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Post February 12, 2006, 07:48:30 PM

Re: Give That Man a Hand by J. A. Howe

I think I'm gonna start adding a note to acceptance e-mails telling authors to visit the lettercol to see what (if anything) readers have to say about their work. For that matter, I should probably add a note to rejection e-mails so rejectees can see what the 'published' authors have to put up with!<br><br>Robert M.<br>
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Post February 13, 2006, 12:07:51 AM

Re: Give That Man a Hand by J. A. Howe

Lol... yeah, I guess we are a demanding bunch. I'm glad to know I'm not alone in my bewilderment. I wasn't understanding the hand part, but I ASSUMED it's like an ancient relic or part of an ancient ceremony... but defintely it's not the author's job to leave such a central mechanic an enigma.

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Post February 17, 2006, 07:56:00 PM

Re: Give That Man a Hand by J. A. Howe

I assumed the same... ???
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Post February 17, 2006, 08:48:10 PM

Re: Give That Man a Hand by J. A. Howe

Lessee now ... there's the 'Hand of Glory' <br><br>Notes from http://www.shadowdrake.com/folklore/hand.html<br><br>An excerpt concerning the Hand of Glory from a book entitled, "The Golden Book of the Mysterious":<br><br> "A fearsome talisman called the Hand of Glory was prepared by some sorcerers for robbers to use as they went about their work. Its preparation started with cutting off the hand of a hanged criminal. This had to be wrapped in cloth, placed in a pot with various herbs and minerals and left for two weeks, after which it was to be dried in the sun." <br><br>And at Cat Yronwode's "The Lucky W Amulet Archive", we find a list of 'Hand' charms and talismans:<br><br>http://www.luckymojo.com/luckywindex.html#h<br><br> hand of Power, Roman <br> hamsa hand, Jewish and Moslem <br> hamsa hand and cresecent amulet, Arabic <br> Helping Hand (of God), hoodoo <br> Helping Hand on hoodoo votive candle <br> Helping Hand on Lucky Mon-Gol Curio Number XI <br> eye-in-hand amulets <br> Lucky Hand root <br> Lucky Hand Alleged Indian Grandma formula in Sonny Boy Products <br> mano cornuto (horned hand) <br> mano fico (fig hand) <br> mano fico hand on a South American package amulet <br> mano fico (called mano poderosa) in South American charm vial <br> Mano Poderosa, the Powerful Hand (of God), Catholic <br> Mano Poderosa, the Powerful Hand (of God), on Catholic votive candles <br> Mano Poderosa, the Powerful Hand (of God), in a Peruvian package amulet <br> milagro hand in Mexican snow-globe pyramid of luck <br> "mojo hand" as alternative name for conjure bag<br><br>(At the website noted, each of the above is a link, so there's a lot of material for anyone curious enough to go exploring!)<br><br>Robert M.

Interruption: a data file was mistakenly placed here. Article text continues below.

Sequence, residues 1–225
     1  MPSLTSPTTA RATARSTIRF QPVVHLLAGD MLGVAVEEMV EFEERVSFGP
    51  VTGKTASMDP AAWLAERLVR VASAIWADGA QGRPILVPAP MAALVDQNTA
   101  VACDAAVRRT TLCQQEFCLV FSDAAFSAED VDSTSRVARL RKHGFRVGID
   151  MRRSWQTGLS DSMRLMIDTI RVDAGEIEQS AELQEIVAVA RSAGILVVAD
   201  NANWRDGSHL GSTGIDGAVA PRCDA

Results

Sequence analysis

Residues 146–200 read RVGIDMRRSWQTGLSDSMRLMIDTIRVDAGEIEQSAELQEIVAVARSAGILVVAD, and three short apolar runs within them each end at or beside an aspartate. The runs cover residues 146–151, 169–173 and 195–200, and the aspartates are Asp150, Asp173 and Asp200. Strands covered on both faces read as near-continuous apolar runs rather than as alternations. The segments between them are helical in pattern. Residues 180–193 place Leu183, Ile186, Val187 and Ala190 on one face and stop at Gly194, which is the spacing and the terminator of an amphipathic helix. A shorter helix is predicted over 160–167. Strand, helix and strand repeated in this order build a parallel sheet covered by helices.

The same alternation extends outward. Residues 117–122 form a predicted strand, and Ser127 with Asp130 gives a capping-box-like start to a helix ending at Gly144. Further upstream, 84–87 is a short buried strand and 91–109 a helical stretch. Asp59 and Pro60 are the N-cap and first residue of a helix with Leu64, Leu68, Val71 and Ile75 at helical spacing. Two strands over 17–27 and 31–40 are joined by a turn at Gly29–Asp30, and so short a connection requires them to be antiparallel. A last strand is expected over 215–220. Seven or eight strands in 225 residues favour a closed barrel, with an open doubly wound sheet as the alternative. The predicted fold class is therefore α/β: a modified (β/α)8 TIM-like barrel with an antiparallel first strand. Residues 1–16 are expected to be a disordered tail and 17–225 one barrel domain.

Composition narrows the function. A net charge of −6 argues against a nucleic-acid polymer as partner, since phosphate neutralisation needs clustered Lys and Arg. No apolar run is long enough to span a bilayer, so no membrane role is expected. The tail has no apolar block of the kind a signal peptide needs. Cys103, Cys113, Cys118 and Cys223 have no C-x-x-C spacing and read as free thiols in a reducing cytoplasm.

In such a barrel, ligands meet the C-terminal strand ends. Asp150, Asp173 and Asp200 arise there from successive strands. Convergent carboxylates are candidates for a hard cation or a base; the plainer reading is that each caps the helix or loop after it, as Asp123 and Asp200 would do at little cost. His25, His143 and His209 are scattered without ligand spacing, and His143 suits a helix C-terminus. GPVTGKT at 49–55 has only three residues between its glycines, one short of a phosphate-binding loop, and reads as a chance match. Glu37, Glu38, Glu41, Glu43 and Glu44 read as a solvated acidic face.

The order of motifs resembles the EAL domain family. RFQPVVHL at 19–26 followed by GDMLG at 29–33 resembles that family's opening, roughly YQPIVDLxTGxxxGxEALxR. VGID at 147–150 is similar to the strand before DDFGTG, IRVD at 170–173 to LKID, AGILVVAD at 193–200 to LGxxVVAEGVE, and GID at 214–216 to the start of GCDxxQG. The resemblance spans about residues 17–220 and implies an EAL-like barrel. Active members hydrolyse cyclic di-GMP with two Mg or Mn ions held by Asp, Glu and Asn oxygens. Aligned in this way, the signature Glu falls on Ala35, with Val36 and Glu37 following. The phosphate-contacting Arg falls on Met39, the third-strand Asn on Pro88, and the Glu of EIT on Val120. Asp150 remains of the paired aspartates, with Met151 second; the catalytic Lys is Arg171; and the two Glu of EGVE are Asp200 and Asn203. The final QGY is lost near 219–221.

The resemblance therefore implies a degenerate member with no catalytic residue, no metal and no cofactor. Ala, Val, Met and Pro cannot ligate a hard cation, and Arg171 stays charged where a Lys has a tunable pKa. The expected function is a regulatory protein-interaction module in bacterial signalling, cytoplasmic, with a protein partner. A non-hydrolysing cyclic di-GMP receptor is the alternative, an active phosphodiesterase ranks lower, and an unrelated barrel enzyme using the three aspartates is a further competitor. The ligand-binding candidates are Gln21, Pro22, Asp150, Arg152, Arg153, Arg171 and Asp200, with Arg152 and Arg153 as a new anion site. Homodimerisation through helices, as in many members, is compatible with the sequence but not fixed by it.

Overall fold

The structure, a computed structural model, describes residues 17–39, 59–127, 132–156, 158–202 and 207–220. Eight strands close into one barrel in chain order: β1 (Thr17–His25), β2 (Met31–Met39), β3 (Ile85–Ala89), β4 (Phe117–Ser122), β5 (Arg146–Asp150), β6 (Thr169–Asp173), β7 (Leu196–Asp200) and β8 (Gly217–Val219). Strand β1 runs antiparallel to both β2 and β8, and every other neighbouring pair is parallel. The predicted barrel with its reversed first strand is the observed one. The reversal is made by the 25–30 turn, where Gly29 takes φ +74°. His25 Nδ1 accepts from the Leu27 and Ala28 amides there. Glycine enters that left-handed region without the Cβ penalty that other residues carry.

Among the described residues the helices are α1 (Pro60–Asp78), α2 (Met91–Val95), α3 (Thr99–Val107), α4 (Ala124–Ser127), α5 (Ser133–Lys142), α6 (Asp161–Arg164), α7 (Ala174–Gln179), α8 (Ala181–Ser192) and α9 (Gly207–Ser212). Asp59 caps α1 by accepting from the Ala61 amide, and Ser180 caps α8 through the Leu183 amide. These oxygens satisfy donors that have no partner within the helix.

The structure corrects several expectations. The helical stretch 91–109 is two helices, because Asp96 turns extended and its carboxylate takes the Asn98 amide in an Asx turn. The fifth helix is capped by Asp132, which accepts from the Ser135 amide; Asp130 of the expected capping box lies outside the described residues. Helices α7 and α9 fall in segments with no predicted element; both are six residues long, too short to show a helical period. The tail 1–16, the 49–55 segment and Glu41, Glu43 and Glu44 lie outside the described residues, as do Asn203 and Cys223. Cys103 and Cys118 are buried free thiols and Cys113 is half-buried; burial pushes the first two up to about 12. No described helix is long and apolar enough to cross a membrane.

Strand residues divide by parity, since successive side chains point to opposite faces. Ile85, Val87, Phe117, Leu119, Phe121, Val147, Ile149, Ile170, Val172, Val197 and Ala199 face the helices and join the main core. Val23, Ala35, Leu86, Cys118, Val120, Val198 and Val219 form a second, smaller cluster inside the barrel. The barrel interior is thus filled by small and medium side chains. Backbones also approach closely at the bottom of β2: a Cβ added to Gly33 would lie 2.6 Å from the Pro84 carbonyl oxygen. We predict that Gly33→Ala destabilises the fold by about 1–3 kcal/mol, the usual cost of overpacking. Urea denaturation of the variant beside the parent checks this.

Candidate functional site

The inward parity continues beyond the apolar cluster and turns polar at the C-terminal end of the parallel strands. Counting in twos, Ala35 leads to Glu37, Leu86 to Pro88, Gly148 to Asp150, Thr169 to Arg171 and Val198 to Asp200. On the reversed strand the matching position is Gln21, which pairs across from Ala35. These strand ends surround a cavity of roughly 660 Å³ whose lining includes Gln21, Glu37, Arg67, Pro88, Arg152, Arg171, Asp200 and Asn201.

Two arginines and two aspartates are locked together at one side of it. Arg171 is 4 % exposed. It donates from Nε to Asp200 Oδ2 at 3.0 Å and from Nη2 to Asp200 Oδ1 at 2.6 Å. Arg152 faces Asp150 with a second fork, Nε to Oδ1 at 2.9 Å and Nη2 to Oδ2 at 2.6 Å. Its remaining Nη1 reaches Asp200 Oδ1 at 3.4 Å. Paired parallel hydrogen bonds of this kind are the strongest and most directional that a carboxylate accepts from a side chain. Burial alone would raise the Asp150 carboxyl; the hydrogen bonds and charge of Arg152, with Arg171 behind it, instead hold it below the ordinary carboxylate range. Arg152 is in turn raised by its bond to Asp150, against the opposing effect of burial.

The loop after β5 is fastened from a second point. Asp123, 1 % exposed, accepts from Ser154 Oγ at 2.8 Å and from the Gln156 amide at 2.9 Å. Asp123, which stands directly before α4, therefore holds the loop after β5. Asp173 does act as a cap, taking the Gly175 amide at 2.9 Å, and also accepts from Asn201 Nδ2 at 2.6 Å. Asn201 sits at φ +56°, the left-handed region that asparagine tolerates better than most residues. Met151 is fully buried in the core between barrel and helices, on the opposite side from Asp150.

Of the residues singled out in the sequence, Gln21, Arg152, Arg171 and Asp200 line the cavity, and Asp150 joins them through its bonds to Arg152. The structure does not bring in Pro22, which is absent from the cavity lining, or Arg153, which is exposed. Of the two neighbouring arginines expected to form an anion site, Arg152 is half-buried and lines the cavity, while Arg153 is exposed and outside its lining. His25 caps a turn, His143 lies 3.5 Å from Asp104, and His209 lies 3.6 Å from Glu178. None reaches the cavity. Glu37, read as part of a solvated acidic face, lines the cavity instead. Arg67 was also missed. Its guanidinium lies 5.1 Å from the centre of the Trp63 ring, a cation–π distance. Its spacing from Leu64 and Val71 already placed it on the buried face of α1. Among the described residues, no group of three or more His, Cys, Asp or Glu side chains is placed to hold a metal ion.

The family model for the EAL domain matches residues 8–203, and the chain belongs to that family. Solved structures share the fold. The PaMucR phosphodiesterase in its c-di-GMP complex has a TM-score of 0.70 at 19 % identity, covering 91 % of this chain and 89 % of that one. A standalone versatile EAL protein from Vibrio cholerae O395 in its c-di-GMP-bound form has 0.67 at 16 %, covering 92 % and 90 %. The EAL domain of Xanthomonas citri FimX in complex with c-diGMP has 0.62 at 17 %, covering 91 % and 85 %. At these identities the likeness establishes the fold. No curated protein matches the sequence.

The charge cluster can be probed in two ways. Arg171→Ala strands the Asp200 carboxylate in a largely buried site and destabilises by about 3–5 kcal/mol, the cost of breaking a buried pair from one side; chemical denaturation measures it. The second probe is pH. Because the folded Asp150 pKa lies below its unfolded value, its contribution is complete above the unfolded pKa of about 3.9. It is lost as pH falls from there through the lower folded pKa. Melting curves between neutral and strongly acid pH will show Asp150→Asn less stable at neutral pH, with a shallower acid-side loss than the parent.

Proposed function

Last edited by Robert_Moriyama on February 17, 2006, 08:49:03 PM, edited 1 time in total.
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Post February 17, 2006, 08:54:41 PM

Re: Give That Man a Hand by J. A. Howe

That's all well and good Robert, but which one is it? This shouldn't be a guessing game. I assume the author already did the necessary research in order to write the story. I don't wanna have to do the same in order to understand it. Especially since there seems to be an abundance of "hands" to choose from.<br><br>- Wishbone
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Post February 28, 2006, 01:33:22 AM

Give That Man a Hand by J. A. Howe

<br>hey what about Maradonna's Hand of God from back in Mexico 86? there's a case that can be argued there...<br><br>and great to see us discussing references in a story for a change, i think that's awesome.<br><br>Lee